22. I started reading the Dune books, in chronological order, back in February - so finally getting onto the last book was kind of exciting and a bit sad at the same time, mixed up with a bit of relief that I could get onto something else!Anyway, I started reading the book and soon found myself swinging back and forth between disappointment and eagerness to find out how the story ends. The disappointment comes from the usual - these 'new' Dune novels are nowhere near as deep, well-written, or though [...]


    23. Nutshell: long-running narrative comes to conclusion in mistitled mess.Should have been titled Clone Orgy of Dune, because most of the narrative involves weird clone micropolitics. The eponymous sandworms are mostly boxed up on a ship (they get to play in the catastrophe after (view spoiler)[merging with Leto again to form a god-emperor superworm (hide spoiler)], but that doesn’t really move the story along) or hiding deep underground on burnt up Arrakis; the worms that have more narrative imp [...]


    24. I've read about 20 pages from this and I'm reminded again how unlike Frank Herbert these writers are---There are some good ideas in it, like the rebirth of many legendary figures as gholas, the question some of them have whether they have some rights as persons independent from their past, etc. Thinking how good this could have been makes it even more frustrating when you get stuff like the Bene Gesserit "believing" that the human race will survive. Seriously? We're talking about the supreme man [...]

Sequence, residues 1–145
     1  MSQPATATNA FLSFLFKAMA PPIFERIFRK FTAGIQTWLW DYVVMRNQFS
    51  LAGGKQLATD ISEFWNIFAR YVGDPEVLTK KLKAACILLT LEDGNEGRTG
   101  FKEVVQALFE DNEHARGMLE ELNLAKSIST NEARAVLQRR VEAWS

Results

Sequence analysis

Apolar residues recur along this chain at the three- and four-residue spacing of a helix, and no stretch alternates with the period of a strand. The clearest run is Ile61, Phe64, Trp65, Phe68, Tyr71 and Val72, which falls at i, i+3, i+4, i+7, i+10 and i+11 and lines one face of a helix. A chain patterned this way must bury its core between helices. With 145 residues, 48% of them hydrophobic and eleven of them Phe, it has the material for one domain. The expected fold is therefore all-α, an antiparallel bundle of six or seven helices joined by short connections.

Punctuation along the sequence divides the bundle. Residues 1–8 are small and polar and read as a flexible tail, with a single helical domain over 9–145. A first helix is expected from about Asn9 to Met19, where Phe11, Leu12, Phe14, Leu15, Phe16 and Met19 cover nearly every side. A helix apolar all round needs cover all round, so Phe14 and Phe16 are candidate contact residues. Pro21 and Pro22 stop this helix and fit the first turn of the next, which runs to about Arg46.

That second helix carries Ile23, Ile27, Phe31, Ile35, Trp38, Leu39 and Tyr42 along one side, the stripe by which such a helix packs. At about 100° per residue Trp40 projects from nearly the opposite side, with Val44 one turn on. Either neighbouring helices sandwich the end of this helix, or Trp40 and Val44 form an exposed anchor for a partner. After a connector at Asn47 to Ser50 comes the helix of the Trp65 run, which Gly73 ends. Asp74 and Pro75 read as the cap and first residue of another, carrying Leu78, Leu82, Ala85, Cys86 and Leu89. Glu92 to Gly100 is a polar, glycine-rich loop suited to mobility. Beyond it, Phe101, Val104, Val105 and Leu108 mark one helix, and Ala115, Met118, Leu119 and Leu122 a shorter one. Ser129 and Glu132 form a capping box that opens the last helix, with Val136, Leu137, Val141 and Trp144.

25. The "original" Dune series finally came to an end, and now we know why all those prequels had to be written before we could get here.It's a fitting tribute to - but not an exact match - to Frank Herbert. Brian Herbert cleans everything up nicely. All the major plot lines came to a satisfactory end, if not a particularly innovative one. The story itself is incredibly gripping, and I think I read the whole thing in two days.My only complaint is one that can't be helped: Brian is perfectly capable [...]


    26. I think the only positive aspect of Brian Herbert finishing his father's work is that nerds like myself get to find out how he planned the ending. Well, in a fashion. I feel like I read a literary skeleton. Too bad the finale was utterly ridiculous and disappointing.


    27. Sandworms of DuneBook 8 of the Dune ChroniclesBy Brian Herbert and Kevin J. AndersonBased upon an outline by Frank HerbertA Dune Retrospective by Eric AllenContinuing the outline titled "Dune 7" left by his father, Brian Herbert and Kevin J. Anderson released this, the final volume in the Dune Saga. There are those who love it, those that are indifferent to it, but many more who hate and criticize it. Yes, I understand that the writing style is not the same as that used by Frank Herbert, and tha [...]


    28. Very disappointed. Basically Leto's Golden Path was a waste of time and had nothing to do with how the series ended except as a coincidence. Why bother with Golden Path if it wasn't important. What was up with "The Oracle of Time" If it had that kinda power why wait 15000 years to use it. Basically the writers invalidated everything written previously. They say this was Herberts vision but I don't beleive them.The concept of the book was a wonderful idea but the actual application of the ideas w [...]